In the 21st century, financial institutions have resorted to using powerful supercomputers for processing vast amounts of data at incredibly high speeds. In particular, they are used in high-frequency trading (HTF) and Algorithmic trading. Algorithmic trading describes the use of computer programs to execute trades automatically on financial markets. These algorithms are based on mathematical models and statistical analysis that consider a variety of factors such as market conditions, historical data, and other trading strategies. High-frequency trading is a type of algorithmic trading which involves placing a high volume of orders within a market in an extremely short space of time.
High frequency trading as a percentage of all US equity trading
Today, algorithmic trading has become an integral part of financial markets due to its great efficiency in trade execution and lowering transaction costs. 65-70% of overall trading volumes in the US, European and major Asian markets are algorithmic. Yet despite an increasing concentration of these computationally-intensive financial products, it is unclear that we are yet to hit a wall with "classical" computation. In their current capacity, quantum computers can already solve computational calculations that take classical computers thousands of years (famously, Google achieved quantum supremacy in 2019, solving a calculation in three minutes that a classical supercomputer would take 10,000 years to complete). However, whether maintaining an edge in algorithmic trading will demand his computational power in the near future remains to be seen.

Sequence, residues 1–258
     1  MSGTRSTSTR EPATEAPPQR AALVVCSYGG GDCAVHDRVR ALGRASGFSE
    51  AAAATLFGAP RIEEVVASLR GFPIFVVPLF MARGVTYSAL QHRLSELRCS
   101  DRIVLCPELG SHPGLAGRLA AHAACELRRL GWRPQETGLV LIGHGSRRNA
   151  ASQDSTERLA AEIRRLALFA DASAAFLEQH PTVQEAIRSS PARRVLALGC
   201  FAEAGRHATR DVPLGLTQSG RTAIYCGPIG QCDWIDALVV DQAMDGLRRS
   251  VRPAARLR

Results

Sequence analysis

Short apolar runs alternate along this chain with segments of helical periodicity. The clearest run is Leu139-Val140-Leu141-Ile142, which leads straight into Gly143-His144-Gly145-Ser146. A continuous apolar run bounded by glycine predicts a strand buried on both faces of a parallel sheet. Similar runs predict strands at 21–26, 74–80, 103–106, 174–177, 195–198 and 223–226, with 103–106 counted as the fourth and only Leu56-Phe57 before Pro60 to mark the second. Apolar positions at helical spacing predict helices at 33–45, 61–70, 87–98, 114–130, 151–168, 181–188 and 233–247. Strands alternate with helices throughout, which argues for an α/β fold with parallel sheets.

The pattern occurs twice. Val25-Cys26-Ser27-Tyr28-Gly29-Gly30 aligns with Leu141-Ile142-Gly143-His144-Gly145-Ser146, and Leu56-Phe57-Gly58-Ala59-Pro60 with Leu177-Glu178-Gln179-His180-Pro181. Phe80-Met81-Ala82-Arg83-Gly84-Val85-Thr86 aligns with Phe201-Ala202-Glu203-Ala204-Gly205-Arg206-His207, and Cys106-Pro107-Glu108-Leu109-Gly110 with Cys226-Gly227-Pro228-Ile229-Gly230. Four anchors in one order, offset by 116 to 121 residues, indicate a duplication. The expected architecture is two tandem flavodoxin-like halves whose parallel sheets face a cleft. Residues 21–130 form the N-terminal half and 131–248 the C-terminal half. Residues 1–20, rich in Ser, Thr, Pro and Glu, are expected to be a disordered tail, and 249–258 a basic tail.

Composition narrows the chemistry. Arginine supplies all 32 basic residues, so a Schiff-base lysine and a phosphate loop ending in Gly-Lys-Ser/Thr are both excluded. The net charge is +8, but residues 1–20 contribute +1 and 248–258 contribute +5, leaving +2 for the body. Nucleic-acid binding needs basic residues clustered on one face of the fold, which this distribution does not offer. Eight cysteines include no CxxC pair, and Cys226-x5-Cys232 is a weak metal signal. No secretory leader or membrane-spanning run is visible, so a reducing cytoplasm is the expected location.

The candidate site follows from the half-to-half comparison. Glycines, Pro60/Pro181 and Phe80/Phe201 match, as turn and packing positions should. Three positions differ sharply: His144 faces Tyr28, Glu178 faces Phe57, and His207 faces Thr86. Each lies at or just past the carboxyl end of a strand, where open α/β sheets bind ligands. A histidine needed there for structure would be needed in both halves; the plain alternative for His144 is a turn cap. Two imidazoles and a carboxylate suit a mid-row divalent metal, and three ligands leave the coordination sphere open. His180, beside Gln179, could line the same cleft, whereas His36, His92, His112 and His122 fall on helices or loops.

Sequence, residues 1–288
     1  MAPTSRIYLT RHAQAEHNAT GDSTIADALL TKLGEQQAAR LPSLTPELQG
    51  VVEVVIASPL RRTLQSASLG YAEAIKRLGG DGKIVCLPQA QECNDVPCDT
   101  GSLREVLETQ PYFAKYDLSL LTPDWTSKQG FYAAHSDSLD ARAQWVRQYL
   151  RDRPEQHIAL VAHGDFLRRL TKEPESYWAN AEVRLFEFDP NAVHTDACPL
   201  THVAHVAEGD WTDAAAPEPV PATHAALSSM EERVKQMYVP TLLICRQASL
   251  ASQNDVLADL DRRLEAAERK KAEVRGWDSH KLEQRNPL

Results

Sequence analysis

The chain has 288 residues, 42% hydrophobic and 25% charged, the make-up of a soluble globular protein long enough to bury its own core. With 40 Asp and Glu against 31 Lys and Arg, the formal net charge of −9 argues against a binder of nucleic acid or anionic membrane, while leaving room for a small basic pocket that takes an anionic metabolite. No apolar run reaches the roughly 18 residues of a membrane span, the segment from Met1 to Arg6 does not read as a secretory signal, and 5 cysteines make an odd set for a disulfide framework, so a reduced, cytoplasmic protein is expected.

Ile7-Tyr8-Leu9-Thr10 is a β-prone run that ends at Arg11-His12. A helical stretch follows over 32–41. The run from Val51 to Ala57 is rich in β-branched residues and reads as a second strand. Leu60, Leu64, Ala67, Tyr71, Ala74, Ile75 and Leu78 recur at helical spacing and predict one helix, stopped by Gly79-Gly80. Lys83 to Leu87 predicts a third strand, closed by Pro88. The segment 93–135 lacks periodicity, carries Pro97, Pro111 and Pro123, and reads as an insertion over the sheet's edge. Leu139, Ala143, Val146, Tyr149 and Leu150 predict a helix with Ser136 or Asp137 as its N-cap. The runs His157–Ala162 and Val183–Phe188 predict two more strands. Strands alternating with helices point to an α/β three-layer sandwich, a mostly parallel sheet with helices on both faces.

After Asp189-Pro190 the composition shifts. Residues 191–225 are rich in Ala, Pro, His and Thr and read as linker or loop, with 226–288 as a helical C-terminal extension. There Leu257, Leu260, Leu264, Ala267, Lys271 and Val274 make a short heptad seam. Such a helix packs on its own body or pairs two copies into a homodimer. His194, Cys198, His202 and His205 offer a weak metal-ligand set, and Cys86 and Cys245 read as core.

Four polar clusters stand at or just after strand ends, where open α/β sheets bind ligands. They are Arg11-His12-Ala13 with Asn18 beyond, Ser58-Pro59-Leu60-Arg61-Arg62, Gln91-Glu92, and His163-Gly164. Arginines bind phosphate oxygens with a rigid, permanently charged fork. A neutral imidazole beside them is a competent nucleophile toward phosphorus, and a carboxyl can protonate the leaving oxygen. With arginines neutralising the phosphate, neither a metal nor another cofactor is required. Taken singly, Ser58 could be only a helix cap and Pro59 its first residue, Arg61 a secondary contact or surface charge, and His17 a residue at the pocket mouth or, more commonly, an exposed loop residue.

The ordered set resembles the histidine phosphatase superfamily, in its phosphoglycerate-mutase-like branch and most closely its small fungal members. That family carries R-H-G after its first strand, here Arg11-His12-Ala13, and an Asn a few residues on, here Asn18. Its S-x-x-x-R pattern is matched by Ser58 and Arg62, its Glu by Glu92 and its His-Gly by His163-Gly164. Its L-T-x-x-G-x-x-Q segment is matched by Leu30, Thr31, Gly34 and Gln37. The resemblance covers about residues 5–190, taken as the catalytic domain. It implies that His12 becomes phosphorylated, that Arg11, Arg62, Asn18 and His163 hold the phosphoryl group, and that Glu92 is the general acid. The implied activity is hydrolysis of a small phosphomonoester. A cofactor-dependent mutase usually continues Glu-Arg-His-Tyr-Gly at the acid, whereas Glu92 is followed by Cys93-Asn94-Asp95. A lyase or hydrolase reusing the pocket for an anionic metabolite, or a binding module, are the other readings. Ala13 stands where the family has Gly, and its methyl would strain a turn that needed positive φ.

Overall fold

Financial institutions, such as Goldman Sachs and JP Morgan Chase, are making active contributions to quantum research because they see the financial benefits it can add to existing systems in the near future, as well as the long-term benefits quantum computation can add by itself. They predict that in the next decade, early quantum computers will generate a modest income of $2 billion to $5 billion for financial institutions worldwide. As quantum computers become stable and error correction improves, the same institution could unlock a value of up to $900 million in the following 15 years. For now, though, we will have to wait to see the true effects of quantum finance in the banking industry until quantum computers are demanded in trading strategies and experience wider commercial application.